Of course, all they have to do is have mines start turning up and the oil tankers become uninsurable, so they won't go to the straits anyway.  Iran doesn't actually have to blow anything up.

First E-P complains about barriers to NGV, then he posts a link to the availability of HDNGV.
Yet it's ridiculously expensive to buy a CNG Honda Civic, and there's a massive lack of CNG fueling stations.  The EPA effectively bars conversions by pricing them out of the market.  Those barriers are real.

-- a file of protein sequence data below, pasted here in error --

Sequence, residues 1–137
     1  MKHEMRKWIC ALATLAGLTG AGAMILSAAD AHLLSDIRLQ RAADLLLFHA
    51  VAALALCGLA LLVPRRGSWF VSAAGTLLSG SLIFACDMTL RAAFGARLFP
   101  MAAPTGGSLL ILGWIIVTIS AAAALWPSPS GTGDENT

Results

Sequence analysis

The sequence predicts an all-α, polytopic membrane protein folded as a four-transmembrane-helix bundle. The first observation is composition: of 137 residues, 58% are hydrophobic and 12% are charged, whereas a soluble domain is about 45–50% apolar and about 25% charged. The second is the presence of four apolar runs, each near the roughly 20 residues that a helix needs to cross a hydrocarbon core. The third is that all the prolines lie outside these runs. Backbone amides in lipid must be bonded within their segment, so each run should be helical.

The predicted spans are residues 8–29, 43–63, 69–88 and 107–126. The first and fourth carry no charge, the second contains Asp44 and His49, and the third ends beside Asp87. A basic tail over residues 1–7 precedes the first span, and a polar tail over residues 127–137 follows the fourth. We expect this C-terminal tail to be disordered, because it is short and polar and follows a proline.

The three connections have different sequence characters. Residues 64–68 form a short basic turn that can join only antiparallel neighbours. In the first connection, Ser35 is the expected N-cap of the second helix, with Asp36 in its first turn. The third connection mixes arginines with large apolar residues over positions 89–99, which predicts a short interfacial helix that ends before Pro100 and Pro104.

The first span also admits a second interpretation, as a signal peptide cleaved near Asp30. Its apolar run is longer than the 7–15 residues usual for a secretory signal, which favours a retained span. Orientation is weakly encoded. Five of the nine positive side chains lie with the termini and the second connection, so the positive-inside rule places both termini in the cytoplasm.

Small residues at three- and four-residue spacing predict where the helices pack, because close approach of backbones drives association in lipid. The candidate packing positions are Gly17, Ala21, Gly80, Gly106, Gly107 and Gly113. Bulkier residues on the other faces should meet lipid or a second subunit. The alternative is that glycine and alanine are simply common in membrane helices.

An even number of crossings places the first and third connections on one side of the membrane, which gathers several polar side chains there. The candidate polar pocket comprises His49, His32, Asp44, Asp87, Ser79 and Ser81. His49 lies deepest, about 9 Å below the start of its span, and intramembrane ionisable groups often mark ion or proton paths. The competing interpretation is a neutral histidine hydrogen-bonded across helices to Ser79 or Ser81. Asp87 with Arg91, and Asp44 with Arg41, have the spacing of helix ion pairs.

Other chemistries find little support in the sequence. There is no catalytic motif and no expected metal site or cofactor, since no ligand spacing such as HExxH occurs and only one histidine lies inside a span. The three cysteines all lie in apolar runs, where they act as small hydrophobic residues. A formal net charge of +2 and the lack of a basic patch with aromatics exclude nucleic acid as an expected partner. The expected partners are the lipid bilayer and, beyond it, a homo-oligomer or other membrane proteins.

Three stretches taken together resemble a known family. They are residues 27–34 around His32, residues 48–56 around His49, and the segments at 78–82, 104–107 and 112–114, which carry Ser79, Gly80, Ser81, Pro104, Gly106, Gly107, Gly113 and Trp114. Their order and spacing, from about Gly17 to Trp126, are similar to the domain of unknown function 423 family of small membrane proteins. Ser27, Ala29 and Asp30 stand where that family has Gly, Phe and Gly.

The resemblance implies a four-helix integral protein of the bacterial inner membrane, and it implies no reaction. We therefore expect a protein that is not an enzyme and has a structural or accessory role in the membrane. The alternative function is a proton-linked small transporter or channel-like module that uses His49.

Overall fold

E-P is really stupid for saying the price of NG is low and then reminding them of the recent past. With a booming economy increasing the demand for NG will increase as will the demand.
You missed the fact that NG was about half the per-BTU price of ULSD at its peak.

The kicker is that NG at $15/mmBTU is priced out of the electric market.  However, that makes nuclear look really, really good.